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8 -THE ORACLE FEBRUARY 1, 1973 Quickness was US F's downfall By Moormann Oracle Sports Editor USF' s basketball team, coming off an impressive win over ninth-rated college division team Old Dominion ; went to the state capitol for two gam es and suffered two defeats in as many nights as Florida State and Floirida A&M dropped USF to a 10-8 mark. "I wanted our team to play better," said Coach Don USF basketball on the air Williams yesterd ay, "but we just ran into two faster t e ams." USF BEGAN the Tallahassee trip Monday night against the Seminoles of FSU, last season s NCAA runnerup to UCLA but unranked at 14-4 this year, and With the Brahmans on the road for four of their seven remaining games, cheerleader Shirley Tagliarini displays the next best thing to watching USF in action; listing to the games on WFLA-97 radio. Brahman JV talces two straight games The Baby Brahmans have played only .500 ball in their last four contests but Coach Bob Shi ver is about the squad's six remaining games "We're hustling better on defense and hustling and getting the rebounds," Shiver said of the 5-8 jayvee squad. "We've been better in our last two outings." IN ITS two most recent USF was edged 61-60 by the Florida Southern JV last Wednesday and defeated a City League team Saturday night, 79-67. "Our last game was the best Coach Bob Shiver .. fayvee basketball head one of the season," said Shiver of Saturday's victory "We're improving our d e fen se and rebounding.'' 6-8 freshman Tim Di etz l e d all scorers in the cont e st with 24 points, while Mik e R e id, a 6-7 first year man who a l s o sees limited action with th e var s ity, tossed in 23. THOUGH SHIVER IS pleased with the improvement of the young squad, he has had players working on def e nse and board play . P. E. majors create "We're big and s low and that's a handicap in a way ," the Brahman boss said "The t e ams have been pressing and fast breaking against us and w e re not rebounding as much a s we should be We're just not controlling the boards with the size we have. The squad returns to action tomorrow night against Edison Community College in Fort Myers and Monday at 5:45 they face St. Petersburg Junior College at Curtis Hixon, a team it defeated earlier in the season. ru'ns for pleasure The USF Physical Education majors have established the Tampa loggers and scheduled nine runs for the remainder of tbe school year. The loggers stress the idea that no competition is involved in the runs, they are merely for self-satisfaction of the individual. This Saturday beginning at 10 a.m., the first run will be staged on USF's Cross Country Cuurse in .front of the school. The course for men will be two to three miles and women one to two miles . We Are Now A -SA AB Dealer Sales, Service & Parts GARY MERRILL IMPORTS, INC. 5804 N. DALE MABRY Phone 884-(;1464 came away with a 95-53 shellaking "FSU really had a good night that night," Williams said of the Seminoles "They have so many good athletes, they jump well and they play very good defense Williams said FSU may not have played defense on a par with the nation's second ranked school, North Carolina State which defeated USF 125-88 earlier this year, but the Seminoles "sure do all the other things" as well. THE BRAHMANS couldn't handle the superior height advantage of FSU as 6-10 Reggie Royals led six Seminoles in double figures with 22 points, while 6-9 freshman sensation Greg Grady pumped in 17. USF's Jack James and John Kiser were the only Brahmans to place in double figures with 14 and 12 points respectively The next night, the Brahmans faced the speedy Florida A&M Rattlers and F AMU increased its record to 10;3 at the expense of USF. "I wasn't pleased with too much in that game," Williams said. "We should have defensed them better and we had trouble Weddinf{ Trios are stopping John Andrews," who ended the game with 30 points, "and their fast break." AND A problem that plagued the team earlier in the season struck again as USF committed far to many turnovers and fouls for a team expecting to win. "Our turnovers were up again," explained Williams, "because of the other team s quickness.'' "And we got beat on free throws," as F AMU sank 24 charity tosses, one less field goal than USF WILLIAMS did find some satisfactory play from his players as he explained, "We worked the ball well against the press and had some real gutty play from John Kiser and Fred Gibbs." The pair hit for 25 and 18 points respectively. The 108 points the Brahmans allowed F AMU was second this season only to North Carolina State s 125 while USF's 95 points was the highest amount the team has scored in a cause. The end of a long three game road trip for USF comes tomorrow night with a game against West Florida m Pensacola. the per{ ect way to say "Forever yours" Ph. 932-5087 ... 9378 FLORILAND MALL L SPECIAL DISCOUNT WITH USF ID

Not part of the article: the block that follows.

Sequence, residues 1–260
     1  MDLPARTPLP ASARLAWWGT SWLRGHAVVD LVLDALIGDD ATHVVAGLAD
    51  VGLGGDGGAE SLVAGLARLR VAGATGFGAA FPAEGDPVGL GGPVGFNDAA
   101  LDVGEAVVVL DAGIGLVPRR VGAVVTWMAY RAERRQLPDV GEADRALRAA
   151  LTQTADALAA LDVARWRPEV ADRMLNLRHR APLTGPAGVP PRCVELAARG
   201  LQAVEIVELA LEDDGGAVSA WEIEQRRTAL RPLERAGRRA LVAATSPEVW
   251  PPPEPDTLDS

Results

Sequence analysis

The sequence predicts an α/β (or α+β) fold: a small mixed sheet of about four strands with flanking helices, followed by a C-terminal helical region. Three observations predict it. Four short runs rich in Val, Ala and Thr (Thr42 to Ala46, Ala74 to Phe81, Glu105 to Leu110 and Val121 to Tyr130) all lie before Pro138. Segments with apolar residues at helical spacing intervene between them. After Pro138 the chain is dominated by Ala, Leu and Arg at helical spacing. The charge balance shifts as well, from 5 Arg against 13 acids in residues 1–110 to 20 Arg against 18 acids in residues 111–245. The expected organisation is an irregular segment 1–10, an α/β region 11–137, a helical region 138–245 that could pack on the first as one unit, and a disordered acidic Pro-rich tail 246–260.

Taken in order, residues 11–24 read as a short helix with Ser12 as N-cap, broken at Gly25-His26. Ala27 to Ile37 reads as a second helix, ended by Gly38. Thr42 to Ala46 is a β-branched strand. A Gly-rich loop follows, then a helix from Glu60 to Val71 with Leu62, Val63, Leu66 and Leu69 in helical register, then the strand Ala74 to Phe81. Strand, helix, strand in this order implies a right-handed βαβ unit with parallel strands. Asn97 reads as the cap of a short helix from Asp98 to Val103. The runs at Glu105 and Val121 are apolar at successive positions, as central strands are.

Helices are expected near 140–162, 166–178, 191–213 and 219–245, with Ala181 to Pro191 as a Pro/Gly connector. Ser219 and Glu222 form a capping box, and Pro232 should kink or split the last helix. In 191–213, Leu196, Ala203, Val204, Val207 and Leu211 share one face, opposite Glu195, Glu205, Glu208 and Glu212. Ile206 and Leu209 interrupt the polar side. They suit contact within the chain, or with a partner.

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r ORACLE sports b f r1t ti Track Stars tabbed by NFL NEW YORK (UPI)-The National Football League dragg;: through the second day of its annual college player draft yesterd.: with the spotlight going to well known track rather than footbd stars. Most of the nation's big name collegians were grabbed up Tuesday's first seven rounds and the clubs moved to the less: known but sometimes surprising small college players in yesterda) : final 10 rounds. Two world class track stars went yesterday. Ron Milburn, ti,, world's premier hurdler from Southern University was taken by ti 1 Los Angeles Rams as a wide receiver on the 13th round. On the same round John Smith, an Olympic finalist in the quart r mile and one of the world's best at 440 yards, went to the Dall :s Cowboys, also as a wide receiver. They joined Willie McGee of Alcorn A&M, another of the world's top sprinters who was taken on the fifth round by San Diego Tuesday. Milburn and McGee played college football while Smith did not. Daytona begins qualifying DAYTONA BEACH (UPI)-Qualifying begins today for the 12th Annual 24 Hours of Daytona, beginning Saturday afternoon:; with Indianapolis 500 winner Mark Donohue rated as only a darkhorse choice. 'The opening of the World Manufacturers' Championship Series is set for a 3 p.m. starting time Saturday, and the starting field for the $50,000-plus endurance classic is open to the 75 fastest qualifiers from five different sports car categories. Donahue's qualifying record of 133.916 M.P.H. over the 3.81-mile road circuit will be at stake when timed runs are held today and Friday. The late Pedro Rodriguez and Finland's Leo Kinnunen teamed to set the 24-hour speed mark at 114.866 M.P.H. with a Porsche in 1970. Overall speed honors are expected to fall to the powerful group size sports prototype cars, "handmade" three-liter machines that can top 200 miles an hour down Daytona's long backstretch. Racing teams from Gulf, Mirage, Matra, Lola and Ferrari are expected to battle for the pole spot but endurance will be the key when the starting flag falls and former winner Donohue could produce some surprises in an untested Porsche. Donohue and George Follmer, the reigning Can-Am and Trans-Am titleholder will co-drive a new Porsche Carrera entered by Roger Penske. Ontario Speedway may he postponed DAYTONA BEACH (UPI)-Board members of the Ontario, Calif., Motor Speedway have requested a postponement of the $200,000, 500-mile race scheduled there March 4. NASCAR officials said here yesterday that Ontario City Manager Ken Hunter advised Tuesday that the Speedway Corporation will continue its efforts to continue promotion of racing events at the West Coast facility but is unable to put on the March 4 race. Lin Kuchler, director of competition for NASCAR, said yesterday that NASCAR will attempt to find another date for the Ontario Speedway when a new operating corporation there has been selected. Basketball wizards score for kids The Harlem Globetrotters have been named as Easter Seals' 1973 National Sports Team during the health agency's annual appeal, March I-April 22, Easter Sunday, to aid crippled children. Here Meadowlark Lemon spins the ball for Eddie Hampton and Patrick Boyd as Trotters Joe Cunningham, Bobby Joe Mason and Curly Neal look on. Lyle, Quarry fight to meet Foreman NEW YORK(UPI)--Just four years ago Jerry Quarry was fighting Joe Frazier for the heavyweight title, George Foreman was making his pro debut in a four-rounder on the same card, and Ron Lyle was still an amateur fresh out of the penitentiary. Oh, how things have changed. FOREMAN'S shocking knockout of Frazier last week in Kingston, Jamaica, has pumped Colorado State Penitentiary for second degree murder, has been making a new life for himself as a boxer. Next to Foreman, Lyle has been the fastest comer in the division, winning all 19 of his fights, 17 by knockout. He will put the string on the line Feb. 9 at Madison Square Garden when he faces the refunenated Quarry in a 12-rounder. THE WINNER sets himself up for a crack at Foreman and the title. This turnabout in the heavy weight division has excited boxing fans here and Garden promoter Harry Markson feels this fight should do very well at the gate. "The ticket sales are brisk" Markson said yesterday. "They have picked up despite all this cold weather. I do hope that we'll be in excess of $100,000." fresh blood into the heavy.. weight division. Quarry, who has fought just 15 times since he was chopped up by Frazier back on June 23, 1969, and put himself in and out of retirement several times since, is fighting again to get a shot at the new champion, Foreman. Lyle, who has been fighting all his life, in and out of the ring, has had a sensational professional career--similar to that of Foreman before he became champion. Lyle, a 30year-old ex-convict who served 7 and one half years in the Monday Night Movie Sci-Fi Series LAN 1 03 50 ( with ID Women athletes prepare for weel